Chandler was on the verge of a new life. A gentleman, he was eager to move higher in the social scale, from office holder to seigneur. The ideal opportunity came in 1821, when the seigneury of Nicolet was put up for auction. No one was in a better position than he to buy it, since he was the principal creditor of its owner, Charles-François-Xavier Baby*. Consequently Chandler acquired it for the modest sum of £6,530, plus another £1,020 for the manor-house and the domanial farm. Shortly after the transaction he moved into the house, where he resided until his death.
From his arrival in Nicolet, Chandler asserted his rights as seigneur and insisted upon the honours that went with them: the seigneur’s pew and the privileges of the holy water and consecrated bread in the church. He accumulated honorary posts, and in 1822 he was appointed commissioner for the summary trial of small causes at Nicolet. Also that year Governor Lord Dalhousie [Ramsay] appointed him lieutenant-colonel of the 2nd Battalion of Buckingham militia. Full of grand ideas, Chandler dreamed of settling his seigneury with people of British stock, and so in 1823 he had an Anglican church built near his manor-house.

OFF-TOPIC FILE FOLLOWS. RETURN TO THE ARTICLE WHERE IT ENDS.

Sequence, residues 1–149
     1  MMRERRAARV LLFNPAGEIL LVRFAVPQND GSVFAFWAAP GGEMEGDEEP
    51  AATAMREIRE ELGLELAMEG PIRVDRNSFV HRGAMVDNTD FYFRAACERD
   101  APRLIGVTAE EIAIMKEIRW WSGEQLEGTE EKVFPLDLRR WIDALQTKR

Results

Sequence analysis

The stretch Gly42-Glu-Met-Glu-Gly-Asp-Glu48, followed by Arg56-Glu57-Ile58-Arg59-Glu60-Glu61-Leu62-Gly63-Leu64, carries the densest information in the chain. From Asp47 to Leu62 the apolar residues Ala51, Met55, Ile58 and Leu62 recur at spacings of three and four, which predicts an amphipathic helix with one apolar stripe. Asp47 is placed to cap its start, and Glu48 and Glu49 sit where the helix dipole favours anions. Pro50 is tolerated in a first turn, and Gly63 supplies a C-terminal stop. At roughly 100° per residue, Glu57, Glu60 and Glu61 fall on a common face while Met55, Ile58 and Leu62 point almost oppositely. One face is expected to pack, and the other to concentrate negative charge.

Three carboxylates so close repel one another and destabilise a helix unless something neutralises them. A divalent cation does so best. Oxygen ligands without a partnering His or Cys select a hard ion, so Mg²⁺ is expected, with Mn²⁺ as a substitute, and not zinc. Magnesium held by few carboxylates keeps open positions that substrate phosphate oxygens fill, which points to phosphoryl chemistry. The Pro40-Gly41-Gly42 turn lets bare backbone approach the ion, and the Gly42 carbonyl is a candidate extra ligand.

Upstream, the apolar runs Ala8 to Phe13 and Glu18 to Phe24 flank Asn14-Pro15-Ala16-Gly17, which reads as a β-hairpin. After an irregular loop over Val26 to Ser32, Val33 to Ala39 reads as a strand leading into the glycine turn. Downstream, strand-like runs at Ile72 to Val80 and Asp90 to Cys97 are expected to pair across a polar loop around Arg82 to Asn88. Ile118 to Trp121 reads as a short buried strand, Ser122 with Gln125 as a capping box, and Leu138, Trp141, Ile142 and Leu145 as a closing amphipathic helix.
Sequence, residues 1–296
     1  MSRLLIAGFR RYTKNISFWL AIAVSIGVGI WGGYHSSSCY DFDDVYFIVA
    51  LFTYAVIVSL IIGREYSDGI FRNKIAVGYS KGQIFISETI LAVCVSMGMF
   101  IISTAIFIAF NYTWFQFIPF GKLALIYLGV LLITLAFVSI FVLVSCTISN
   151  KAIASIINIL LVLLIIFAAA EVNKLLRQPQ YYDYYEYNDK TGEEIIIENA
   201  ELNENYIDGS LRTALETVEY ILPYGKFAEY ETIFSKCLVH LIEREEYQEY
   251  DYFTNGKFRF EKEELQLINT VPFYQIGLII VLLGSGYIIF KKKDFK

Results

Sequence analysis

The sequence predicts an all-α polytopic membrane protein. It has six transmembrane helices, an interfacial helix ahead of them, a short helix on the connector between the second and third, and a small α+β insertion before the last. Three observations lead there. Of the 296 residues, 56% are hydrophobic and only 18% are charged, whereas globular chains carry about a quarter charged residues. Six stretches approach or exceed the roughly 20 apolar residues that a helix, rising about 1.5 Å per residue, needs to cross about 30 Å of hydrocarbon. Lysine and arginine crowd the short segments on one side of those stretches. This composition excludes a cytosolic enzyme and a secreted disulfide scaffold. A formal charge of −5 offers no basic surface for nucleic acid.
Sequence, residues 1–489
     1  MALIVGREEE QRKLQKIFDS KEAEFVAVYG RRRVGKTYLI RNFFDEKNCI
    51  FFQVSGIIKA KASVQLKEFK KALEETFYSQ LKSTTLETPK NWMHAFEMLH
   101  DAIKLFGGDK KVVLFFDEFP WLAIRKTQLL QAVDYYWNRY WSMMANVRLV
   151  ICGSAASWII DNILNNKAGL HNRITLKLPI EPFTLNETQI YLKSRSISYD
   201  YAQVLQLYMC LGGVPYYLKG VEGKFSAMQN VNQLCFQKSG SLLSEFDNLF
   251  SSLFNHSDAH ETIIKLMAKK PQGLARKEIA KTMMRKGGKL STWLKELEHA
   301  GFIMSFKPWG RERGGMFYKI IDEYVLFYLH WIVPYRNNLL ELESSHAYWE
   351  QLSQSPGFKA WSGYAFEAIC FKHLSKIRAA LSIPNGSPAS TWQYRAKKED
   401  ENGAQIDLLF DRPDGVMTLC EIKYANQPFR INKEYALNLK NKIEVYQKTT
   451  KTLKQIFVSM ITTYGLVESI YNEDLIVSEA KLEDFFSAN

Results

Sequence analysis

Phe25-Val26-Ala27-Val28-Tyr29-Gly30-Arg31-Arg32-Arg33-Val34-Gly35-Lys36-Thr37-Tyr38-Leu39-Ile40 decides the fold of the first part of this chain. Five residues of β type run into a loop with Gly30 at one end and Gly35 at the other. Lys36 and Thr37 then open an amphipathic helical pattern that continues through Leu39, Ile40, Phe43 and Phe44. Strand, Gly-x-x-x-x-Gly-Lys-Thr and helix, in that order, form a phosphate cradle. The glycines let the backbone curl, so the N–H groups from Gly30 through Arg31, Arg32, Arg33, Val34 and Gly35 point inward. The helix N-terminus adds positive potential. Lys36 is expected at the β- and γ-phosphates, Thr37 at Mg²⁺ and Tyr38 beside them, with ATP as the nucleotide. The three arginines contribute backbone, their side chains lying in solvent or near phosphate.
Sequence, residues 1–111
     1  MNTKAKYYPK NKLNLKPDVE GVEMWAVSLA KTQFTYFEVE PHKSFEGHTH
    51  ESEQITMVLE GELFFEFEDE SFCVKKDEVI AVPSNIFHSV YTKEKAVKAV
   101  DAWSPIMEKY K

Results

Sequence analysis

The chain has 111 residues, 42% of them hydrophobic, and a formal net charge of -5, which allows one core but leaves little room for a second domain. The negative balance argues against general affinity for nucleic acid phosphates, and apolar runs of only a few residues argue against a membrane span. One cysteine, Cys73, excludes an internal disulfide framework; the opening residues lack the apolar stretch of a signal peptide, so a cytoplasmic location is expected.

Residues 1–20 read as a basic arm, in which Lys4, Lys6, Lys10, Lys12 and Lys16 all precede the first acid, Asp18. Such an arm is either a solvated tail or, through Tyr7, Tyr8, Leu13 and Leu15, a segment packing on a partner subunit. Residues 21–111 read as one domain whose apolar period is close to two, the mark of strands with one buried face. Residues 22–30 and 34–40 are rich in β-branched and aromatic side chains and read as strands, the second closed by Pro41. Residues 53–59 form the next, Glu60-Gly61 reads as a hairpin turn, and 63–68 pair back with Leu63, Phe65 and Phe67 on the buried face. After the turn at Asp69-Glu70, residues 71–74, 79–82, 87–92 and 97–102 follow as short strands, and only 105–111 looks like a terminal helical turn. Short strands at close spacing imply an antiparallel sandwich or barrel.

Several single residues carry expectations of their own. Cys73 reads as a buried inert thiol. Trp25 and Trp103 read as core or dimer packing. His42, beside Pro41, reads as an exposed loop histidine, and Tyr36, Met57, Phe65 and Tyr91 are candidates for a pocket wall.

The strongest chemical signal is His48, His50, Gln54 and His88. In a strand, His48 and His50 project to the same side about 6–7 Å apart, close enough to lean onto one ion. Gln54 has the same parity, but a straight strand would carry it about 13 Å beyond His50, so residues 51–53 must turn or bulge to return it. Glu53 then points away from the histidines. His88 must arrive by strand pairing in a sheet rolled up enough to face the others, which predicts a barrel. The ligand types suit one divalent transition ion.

Eager for profit, Chandler managed his seigneury strictly. It was undergoing development and the ratio between the land and the people on it was becoming critical, so that he realized he had to pay more attention to the use of his property. If he wanted to draw maximum profit, he had to control the administration more firmly. Consequently in 1823 he hired notary Luc-Michel Cressé, whose main task was to run the seigneury efficiently. Thanks to Cressé’s talents, management underwent a considerable change: the traditional ways were re-established, administrative structures were rationalized, and seigneurial demands were tightened. Under Chandler’s close supervision the seigneury became a productive and highly profitable enterprise in less than ten years.